A nasty cold sent me home from work early one day this week. While not in a cold-medicine-induced stupor, I was able to spend some quality time with Isabella.
Back over the holidays, my ninth-grade niece and I came to an agreement. If I would read Twilight, the first in the Stephenie Meyer Twilight Saga, she--my niece--would read Brom Stoker’s classic, Dracula. That was the deal.
Until recently, I was only aware of Ms. Meyer’s series as a result of them being the top-selling titles for the book industry in 2008. I work in books, and the Twilight series is, beyond doubt, a phenomenon approaching Potteresque proportions. So, my agreeing to read the first in the series was as much about my own professional interests as much as anything.
I confess that I had some pretty serious preconceptions about the Twilight books based upon the hype. That said, however, the truth about hype is that it seldom really tells you much about what is being, well, hyped.
My biggest preconceptions about the books, though, were based primarily upon the enormous appeal the series obviously has to adolescent girls and young women. Plus, the snippets that I’d caught from aficionados discussing the books made me think that they were nothing more than High School melodrama with a supernatural twist.
My niece, among many others whom I have witnessed, need only mention the name “Cullen” to send herself off into a state of blissful sighing and far away looks. When I was her age, Farrah Fawcett did the same thing to me.
Too, some of my reasons for perhaps thinking badly of the Twilight books before having even read one (something I harshly criticize others doing) might have had something to do with vampires lately being all the rage in the purely adult Romance genre.
I do not consider myself a critic, and I am certainly no spoiler (who rate with telemarketers and morons who talk during movies). That said, I do not think that I am giving anything away by revealing to the dozen or so people left on Earth who have not yet read the Meyer’s saga, that the hero in Twilight is a vampire named Edward Cullen. Though he presents himself as a seventeen-year-old youth, he is, like most vampires, much, much older. So, he is an old man in the eternally buff and strikingly handsome body of a seventeen year-old who is irresistible to females? This sounds more like a middle-aged man’s fantasy more than that of a young woman, but that’s just me thinking out loud.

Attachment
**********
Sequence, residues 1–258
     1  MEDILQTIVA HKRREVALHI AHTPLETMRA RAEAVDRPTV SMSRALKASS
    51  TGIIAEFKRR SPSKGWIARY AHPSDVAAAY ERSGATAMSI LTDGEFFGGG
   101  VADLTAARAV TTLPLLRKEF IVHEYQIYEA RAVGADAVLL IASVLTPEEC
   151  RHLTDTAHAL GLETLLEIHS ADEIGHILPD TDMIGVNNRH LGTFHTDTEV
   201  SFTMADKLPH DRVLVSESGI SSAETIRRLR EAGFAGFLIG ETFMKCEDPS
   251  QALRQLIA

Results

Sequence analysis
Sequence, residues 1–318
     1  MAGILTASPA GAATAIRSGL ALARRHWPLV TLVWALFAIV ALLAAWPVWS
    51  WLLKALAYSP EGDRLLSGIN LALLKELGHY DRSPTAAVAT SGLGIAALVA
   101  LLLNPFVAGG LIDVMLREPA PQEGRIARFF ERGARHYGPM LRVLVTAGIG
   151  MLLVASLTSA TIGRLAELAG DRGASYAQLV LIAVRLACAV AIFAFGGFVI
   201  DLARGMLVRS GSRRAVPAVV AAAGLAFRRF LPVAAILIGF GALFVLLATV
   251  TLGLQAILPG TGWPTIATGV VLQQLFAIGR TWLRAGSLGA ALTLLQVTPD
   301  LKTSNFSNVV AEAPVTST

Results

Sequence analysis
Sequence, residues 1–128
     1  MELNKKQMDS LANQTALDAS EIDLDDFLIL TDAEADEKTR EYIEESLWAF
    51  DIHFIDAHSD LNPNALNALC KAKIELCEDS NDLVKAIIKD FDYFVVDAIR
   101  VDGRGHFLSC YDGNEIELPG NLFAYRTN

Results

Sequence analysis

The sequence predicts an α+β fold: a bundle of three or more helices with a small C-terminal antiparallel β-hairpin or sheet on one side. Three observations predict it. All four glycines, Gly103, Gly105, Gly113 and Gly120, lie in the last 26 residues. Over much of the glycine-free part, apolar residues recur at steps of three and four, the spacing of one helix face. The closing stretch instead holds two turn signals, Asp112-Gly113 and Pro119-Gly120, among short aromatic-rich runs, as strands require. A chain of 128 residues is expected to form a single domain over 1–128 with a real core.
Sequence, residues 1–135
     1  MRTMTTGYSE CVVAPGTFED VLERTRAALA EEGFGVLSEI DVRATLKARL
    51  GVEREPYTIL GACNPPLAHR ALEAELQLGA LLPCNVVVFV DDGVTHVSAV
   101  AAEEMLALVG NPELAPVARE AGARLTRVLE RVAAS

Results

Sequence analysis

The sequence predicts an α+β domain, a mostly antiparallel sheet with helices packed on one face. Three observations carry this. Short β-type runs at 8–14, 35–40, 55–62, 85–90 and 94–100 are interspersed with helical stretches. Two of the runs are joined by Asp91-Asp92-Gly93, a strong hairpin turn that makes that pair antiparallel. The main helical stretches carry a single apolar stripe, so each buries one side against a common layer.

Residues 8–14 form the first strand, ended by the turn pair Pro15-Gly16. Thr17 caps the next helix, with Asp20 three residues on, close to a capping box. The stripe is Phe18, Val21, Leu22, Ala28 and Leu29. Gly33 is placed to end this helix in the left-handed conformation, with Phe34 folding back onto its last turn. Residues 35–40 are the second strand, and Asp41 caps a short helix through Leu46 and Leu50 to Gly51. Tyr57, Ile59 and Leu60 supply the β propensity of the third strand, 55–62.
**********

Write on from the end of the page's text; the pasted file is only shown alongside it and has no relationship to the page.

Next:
Finally, I must confess some prejudice toward Twilight as a began to read it due to my tendency to view the book through the eyes of someone who will one day be the father of a seventeen year-old daughter himself. I expect that the day will come when I view all teenage males as dangerous supernatural beings that I must ward off by any means possible.
I’m not saying that I actually “got into” Twilight. I do confess that there were one or two times when I did catch myself thinking calmly to myself, “NO, BELLA! Nooooooooo!”
And that Lauren! What is her problem?
I’m open to just about anything that gets people excited about books and reading. And if Twilight did turn out to be silly stuff, who am I to begrudge anyone for reading just for pleasure? After all, I certainly have my own favorites for simple pleasure reading. I am particularly fond of the late (though still producing) Robert Ludlum’s Bourne series of international espionage novels.
I think that the primary difference between what I choose to read for fun, and what my young niece—a bright kid, I might add—chooses for light reading, is simply a matter of personal taste based upon what is most relevant and familiar to us, respectively.
It is perfectly natural that young readers would be drawn to a world of romance, adventure, fantasy, (and did I say, romance?). I think that this is especially so for young and impressionable women. Still, it is, after all, just make-believe. And that is the big difference, I think, in what I choose to read for fun and what my niece and her peers choose.
Fun reading about teenage vampires is all just fine. Certainly there are some elements about life as a teenager and life in high school with which many readers of the Twilight series may identify. It’s still just pure fantasy.
Unlike my own more grown-up fun reading, in which the attraction—to me—is based more upon reality. I don’t identify with Ludlum’s Jason Bourne character because he is a supernatural, indestructible gentlemanly hunk. That’s just fairy tale stuff. No. I identify with the fictional Bourne because, much like me, he has a dark past, is surrounded by an air of mystery and danger, and is a master in the martial arts. Plus stuff that I can’t go into.
It’s a small distinction, I know. I chalk it up to age and experience.
I can’t wait to hear my niece’s take on Dracula, the original vampire love story.
I’m off to the barbershop tomorrow. And I know just what the nice Vietnamese lady who cuts my hair is going to ask.
“Hey! Where you been so long? What look you want this time? James Bond or Jason Bon?”
Can you give me an Edward Cullen?
Kudos to Ms. Meyer for making her heroine a book lover.
Dracula by Brom Stoker
Interview with the Vampire by Anne Rice
The Vampire Lestat by Anne Rice